You've no doubt heard about the three Ds of automation. Somatic's robot handily qualifies for two. I'd say "dangerous" is probably a bit of a stretch here, but the robot is well-focused on replacing a job that's generally regarded as both "dirty" and "dull."


The startup, which is ostensibly based in the New York area (it's a small, geographically dispersed team in search of a more permanent home) effectively came out of stealth onstage at TC Sessions: Robotics + AI at UC Berkeley. Its first product is a large, commercial restroom cleaning robot.


CEO Michael Levy compares the device to a "minifridge with a robot arm attached to the front." Levy, who co-founded the company with CTO Eugene Zasoba, says he was inspired to develop a robot for bathroom cleaning after years spent working his way up at his grandfather's restaurant.


"When I grew up, I did a bunch of jobs. He said, if you want to get to the register, you have start in the bathroom," he explains. "The reason bathrooms are such a good application, because everything is bolted down to the floor. Things move in a predictable way. All commercial bathrooms built after 1994 are ADA compliant. What's good for robotics is that lays a specific design."


The static nature of most commercial restrooms means that robots only have to train on a space once. The team does the work remotely now, using a VR simulation of the bathroom to show the robot where to spray and wipe chemicals, vacuum and blow-dry. It's an activity the team affectionately refers to as "the worst video game, ever." Once all of that is in place, the robot uses a variety of sensors, including lidar, to navigate around.

The robot will clean a restroom, then go to recharge and refill chemicals as needed. It should get around eight hours of cleaning done in a day and can even open doors and ride the elevator to get around buildings, according to Levy.


Prime targets include airports, casinos, office spaces and other spots with large commercial restrooms. The robot will be leased out for around $1,000 a month, after a trial phase. Somatic already has a handful of customers, including a FAANG company, whose offices are already being cleaned by the robot.

The first model was created with help from $50,000 in bootstrapped funds, to which Somatic has added $300,000, including $150,000 from SOSV.


Resource: techcrunch.com

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This bathroom cleaning robot is trained in VR to clean up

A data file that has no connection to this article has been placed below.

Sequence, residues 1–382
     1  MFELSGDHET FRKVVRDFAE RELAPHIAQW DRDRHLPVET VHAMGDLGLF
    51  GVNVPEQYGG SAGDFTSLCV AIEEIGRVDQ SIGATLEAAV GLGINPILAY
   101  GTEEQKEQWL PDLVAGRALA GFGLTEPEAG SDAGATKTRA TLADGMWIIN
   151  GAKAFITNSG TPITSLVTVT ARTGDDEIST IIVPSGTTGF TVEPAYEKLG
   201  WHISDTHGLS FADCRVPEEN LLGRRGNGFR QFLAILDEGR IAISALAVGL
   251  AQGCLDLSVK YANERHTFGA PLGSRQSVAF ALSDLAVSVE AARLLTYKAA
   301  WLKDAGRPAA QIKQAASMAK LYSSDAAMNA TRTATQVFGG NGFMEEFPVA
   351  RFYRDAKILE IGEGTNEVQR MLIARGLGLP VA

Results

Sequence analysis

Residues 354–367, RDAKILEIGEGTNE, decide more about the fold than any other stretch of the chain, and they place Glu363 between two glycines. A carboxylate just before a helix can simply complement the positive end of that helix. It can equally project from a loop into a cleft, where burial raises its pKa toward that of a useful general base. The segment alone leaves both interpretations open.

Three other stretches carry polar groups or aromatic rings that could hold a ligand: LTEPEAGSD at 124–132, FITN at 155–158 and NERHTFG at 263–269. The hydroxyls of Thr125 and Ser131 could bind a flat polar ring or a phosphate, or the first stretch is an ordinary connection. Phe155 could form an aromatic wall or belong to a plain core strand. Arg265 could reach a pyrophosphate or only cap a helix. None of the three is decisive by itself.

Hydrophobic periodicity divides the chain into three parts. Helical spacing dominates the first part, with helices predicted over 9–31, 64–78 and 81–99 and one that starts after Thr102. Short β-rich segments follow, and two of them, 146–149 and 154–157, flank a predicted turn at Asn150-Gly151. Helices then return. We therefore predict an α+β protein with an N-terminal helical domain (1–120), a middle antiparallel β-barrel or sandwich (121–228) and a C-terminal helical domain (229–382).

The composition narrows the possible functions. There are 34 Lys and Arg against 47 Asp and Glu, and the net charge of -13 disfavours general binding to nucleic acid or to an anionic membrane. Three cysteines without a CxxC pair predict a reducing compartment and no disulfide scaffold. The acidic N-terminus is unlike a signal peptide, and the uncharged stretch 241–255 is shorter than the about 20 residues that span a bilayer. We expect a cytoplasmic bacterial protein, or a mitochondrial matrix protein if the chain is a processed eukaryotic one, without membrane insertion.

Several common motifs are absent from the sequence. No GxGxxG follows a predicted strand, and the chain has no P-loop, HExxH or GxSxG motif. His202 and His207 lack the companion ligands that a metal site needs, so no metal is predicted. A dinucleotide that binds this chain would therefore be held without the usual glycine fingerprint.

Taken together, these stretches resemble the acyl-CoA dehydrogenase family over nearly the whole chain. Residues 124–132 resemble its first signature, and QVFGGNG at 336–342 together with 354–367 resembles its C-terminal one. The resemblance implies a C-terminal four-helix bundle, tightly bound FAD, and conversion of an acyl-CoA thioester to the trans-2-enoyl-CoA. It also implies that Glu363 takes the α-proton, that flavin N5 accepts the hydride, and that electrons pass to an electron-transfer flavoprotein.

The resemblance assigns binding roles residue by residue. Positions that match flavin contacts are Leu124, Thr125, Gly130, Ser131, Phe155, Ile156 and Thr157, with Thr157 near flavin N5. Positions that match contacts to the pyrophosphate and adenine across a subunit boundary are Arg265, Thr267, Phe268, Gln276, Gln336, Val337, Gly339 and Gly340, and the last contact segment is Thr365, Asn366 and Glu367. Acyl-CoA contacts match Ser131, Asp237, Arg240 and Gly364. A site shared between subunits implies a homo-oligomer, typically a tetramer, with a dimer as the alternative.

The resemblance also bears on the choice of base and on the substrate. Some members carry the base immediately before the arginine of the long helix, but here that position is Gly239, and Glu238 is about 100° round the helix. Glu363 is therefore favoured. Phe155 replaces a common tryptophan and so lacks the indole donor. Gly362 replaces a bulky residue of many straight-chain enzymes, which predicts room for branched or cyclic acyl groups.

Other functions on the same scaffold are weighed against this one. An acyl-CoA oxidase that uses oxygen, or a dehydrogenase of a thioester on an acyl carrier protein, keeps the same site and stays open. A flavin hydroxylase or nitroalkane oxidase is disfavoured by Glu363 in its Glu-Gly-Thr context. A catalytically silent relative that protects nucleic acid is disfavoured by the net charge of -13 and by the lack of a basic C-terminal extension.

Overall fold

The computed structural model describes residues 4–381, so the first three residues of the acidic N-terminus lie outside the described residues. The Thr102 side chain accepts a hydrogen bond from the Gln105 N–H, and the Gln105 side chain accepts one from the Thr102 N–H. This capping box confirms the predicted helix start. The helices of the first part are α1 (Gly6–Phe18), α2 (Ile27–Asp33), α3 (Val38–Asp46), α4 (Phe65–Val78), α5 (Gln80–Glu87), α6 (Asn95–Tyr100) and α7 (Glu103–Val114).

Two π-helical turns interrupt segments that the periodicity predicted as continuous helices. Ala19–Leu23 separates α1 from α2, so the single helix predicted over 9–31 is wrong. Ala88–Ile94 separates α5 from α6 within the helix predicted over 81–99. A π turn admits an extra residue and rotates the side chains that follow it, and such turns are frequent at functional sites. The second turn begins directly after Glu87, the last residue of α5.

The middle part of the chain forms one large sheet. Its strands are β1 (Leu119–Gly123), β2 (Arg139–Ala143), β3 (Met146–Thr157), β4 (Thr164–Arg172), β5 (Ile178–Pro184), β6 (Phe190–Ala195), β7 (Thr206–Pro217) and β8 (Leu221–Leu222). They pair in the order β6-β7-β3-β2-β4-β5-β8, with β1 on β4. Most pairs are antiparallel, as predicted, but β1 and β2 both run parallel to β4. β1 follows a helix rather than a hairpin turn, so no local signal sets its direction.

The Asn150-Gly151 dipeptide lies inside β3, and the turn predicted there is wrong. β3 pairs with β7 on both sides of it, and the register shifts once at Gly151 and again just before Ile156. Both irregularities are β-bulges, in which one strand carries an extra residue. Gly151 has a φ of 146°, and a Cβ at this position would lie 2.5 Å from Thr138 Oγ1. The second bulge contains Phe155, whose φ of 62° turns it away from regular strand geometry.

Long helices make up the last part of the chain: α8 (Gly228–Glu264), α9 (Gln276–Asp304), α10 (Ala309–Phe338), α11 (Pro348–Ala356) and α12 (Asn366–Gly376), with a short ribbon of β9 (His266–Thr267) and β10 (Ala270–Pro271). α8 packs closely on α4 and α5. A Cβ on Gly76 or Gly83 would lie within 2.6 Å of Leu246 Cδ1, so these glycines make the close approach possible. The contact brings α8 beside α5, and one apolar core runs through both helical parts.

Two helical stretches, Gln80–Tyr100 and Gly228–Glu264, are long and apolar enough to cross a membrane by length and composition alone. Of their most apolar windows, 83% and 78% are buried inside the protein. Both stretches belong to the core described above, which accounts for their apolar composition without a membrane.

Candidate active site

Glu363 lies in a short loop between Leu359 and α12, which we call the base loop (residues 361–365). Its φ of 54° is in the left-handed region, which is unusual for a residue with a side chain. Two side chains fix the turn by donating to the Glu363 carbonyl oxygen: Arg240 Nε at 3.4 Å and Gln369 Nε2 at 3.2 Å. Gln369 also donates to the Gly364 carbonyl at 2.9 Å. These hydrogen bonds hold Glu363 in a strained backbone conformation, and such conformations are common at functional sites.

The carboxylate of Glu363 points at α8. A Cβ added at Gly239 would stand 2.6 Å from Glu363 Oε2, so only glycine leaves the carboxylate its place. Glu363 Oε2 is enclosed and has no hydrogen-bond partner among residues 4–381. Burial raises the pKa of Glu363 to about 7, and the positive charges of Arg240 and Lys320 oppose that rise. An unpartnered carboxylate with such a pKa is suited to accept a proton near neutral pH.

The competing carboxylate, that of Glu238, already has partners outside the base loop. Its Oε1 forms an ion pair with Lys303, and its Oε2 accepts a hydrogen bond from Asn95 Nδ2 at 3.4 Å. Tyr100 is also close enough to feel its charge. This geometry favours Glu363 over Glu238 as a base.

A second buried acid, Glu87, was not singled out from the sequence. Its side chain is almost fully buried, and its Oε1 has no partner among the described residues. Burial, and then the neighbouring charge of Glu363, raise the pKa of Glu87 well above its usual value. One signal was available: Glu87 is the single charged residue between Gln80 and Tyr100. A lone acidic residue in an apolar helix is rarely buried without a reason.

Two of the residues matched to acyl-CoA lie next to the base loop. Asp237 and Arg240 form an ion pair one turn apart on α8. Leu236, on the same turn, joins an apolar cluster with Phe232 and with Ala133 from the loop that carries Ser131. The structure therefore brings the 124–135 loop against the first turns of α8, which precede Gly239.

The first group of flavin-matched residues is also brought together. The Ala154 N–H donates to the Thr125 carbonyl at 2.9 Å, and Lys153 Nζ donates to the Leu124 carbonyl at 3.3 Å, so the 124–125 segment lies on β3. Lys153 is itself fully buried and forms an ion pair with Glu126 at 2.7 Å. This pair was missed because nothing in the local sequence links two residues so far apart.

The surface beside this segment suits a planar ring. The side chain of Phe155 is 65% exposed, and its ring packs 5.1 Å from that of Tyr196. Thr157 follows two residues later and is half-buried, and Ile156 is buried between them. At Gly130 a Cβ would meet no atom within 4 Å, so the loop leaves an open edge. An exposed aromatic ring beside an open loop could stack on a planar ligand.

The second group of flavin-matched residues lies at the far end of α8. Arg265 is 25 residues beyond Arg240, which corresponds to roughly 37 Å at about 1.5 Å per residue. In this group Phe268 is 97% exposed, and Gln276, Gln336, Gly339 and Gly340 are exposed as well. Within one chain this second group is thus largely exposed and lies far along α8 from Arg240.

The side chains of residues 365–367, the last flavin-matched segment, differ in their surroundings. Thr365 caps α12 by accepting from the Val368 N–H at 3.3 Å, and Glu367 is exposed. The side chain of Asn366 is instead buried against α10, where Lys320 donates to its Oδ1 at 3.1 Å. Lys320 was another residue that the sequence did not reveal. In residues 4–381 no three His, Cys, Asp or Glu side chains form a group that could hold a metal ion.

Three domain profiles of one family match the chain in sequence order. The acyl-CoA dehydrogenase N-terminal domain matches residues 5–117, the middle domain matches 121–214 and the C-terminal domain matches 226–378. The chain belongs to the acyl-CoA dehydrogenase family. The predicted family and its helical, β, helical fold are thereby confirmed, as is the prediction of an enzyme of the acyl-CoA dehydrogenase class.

You've no doubt heard about the three Ds of automation. Somatic's robot handily qualifies for two. I'd say "dangerous" is probably a bit of a stretch here, but the robot is well-focused on replacing a job that's generally regarded as both "dirty" and "dull."


The startup, which is ostensibly based in the New York area (it's a small, geographically dispersed team in search of a more permanent home) effectively came out of stealth onstage at TC Sessions: Robotics + AI at UC Berkeley. Its first product is a large, commercial restroom cleaning robot.


CEO Michael Levy compares the device to a "minifridge with a robot arm attached to the front." Levy, who co-founded the company with CTO Eugene Zasoba, says he was inspired to develop a robot for bathroom cleaning after years spent working his way up at his grandfather's restaurant.


"When I grew up, I did a bunch of jobs. He said, if you want to get to the register, you have start in the bathroom," he explains. "The reason bathrooms are such a good application, because everything is bolted down to the floor. Things move in a predictable way. All commercial bathrooms built after 1994 are ADA compliant. What's good for robotics is that lays a specific design."


The static nature of most commercial restrooms means that robots only have to train on a space once. The team does the work remotely now, using a VR simulation of the bathroom to show the robot where to spray and wipe chemicals, vacuum and blow-dry. It's an activity the team affectionately refers to as "the worst video game, ever." Once all of that is in place, the robot uses a variety of sensors, including lidar, to navigate around.

The robot will clean a restroom, then go to recharge and refill chemicals as needed. It should get around eight hours of cleaning done in a day and can even open doors and ride the elevator to get around buildings, according to Levy.


Prime targets include airports, casinos, office spaces and other spots with large commercial restrooms. The robot will be leased out for around $1,000 a month, after a trial phase. Somatic already has a handful of customers, including a FAANG company, whose offices are already being cleaned by the robot.

The first model was created with help from $50,000 in bootstrapped funds, to which Somatic has added $300,000, including $150,000 from SOSV.


Resource: techcrunch.com

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